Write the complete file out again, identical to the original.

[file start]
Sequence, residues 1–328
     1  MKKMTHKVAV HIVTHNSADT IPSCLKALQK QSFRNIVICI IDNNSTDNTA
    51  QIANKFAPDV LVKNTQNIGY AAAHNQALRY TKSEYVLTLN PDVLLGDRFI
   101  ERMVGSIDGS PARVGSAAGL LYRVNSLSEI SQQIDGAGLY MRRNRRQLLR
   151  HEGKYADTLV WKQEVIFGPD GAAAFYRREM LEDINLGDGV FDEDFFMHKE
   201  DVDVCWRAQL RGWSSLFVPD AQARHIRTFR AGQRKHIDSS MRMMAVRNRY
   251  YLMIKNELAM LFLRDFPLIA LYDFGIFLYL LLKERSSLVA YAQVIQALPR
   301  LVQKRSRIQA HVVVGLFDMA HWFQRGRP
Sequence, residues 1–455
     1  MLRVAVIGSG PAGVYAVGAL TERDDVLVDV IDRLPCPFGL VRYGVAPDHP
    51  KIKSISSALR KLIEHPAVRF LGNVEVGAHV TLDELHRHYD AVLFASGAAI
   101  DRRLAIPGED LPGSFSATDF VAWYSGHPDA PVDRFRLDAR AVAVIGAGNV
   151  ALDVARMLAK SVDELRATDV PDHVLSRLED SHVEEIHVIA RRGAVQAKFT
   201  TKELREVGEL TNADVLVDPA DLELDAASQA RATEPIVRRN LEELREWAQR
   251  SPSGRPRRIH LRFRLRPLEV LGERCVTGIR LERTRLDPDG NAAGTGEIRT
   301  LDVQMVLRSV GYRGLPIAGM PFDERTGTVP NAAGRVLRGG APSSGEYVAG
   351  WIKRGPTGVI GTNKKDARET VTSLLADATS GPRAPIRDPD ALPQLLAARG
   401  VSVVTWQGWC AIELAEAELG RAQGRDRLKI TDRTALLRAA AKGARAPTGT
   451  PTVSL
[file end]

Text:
Sequence, residues 1–328
     1  MKKMTHKVAV HIVTHNSADT IPSCLKALQK QSFRNIVICI IDNNSTDNTA
    51  QIANKFAPDV LVKNTQNIGY AAAHNQALRY TKSEYVLTLN PDVLLGDRFI
   101  ERMVGSIDGS PARVGSAAGL LYRVNSLSEI SQQIDGAGLY MRRNRRQLLR
   151  HEGKYADTLV WKQEVIFGPD GAAAFYRREM LEDINLGDGV FDEDFFMHKE
   201  DVDVCWRAQL RGWSSLFVPD AQARHIRTFR AGQRKHIDSS MRMMAVRNRY
   251  YLMIKNELAM LFLRDFPLIA LYDFGIFLYL LLKERSSLVA YAQVIQALPR
   301  LVQKRSRIQA HVVVGLFDMA HWFQRGRP
Sequence, residues 1–455
     1  MLRVAVIGSG PAGVYAVGAL TERDDVLVDV IDRLPCPFGL VRYGVAPDHP
    51  KIKSISSALR KLIEHPAVRF LGNVEVGAHV TLDELHRHYD AVLFASGAAI
   101  DRRLAIPGED LPGSFSATDF VAWYSGHPDA PVDRFRLDAR AVAVIGAGNV
   151  ALDVARMLAK SVDELRATDV PDHVLSRLED SHVEEIHVIA RRGAVQAKFT
   201  TKELREVGEL TNADVLVDPA DLELDAASQA RATEPIVRRN LEELREWAQR
   251  SPSGRPRRIH LRFRLRPLEV LGERCVTGIR LERTRLDPDG NAAGTGEIRT
   301  LDVQMVLRSV GYRGLPIAGM PFDERTGTVP NAAGRVLRGG APSSGEYVAG
   351  WIKRGPTGVI GTNKKDARET VTSLLADATS GPRAPIRDPD ALPQLLAARG
   401  VSVVTWQGWC AIELAEAELG RAQGRDRLKI TDRTALLRAA AKGARAPTGT
   451  PTVSL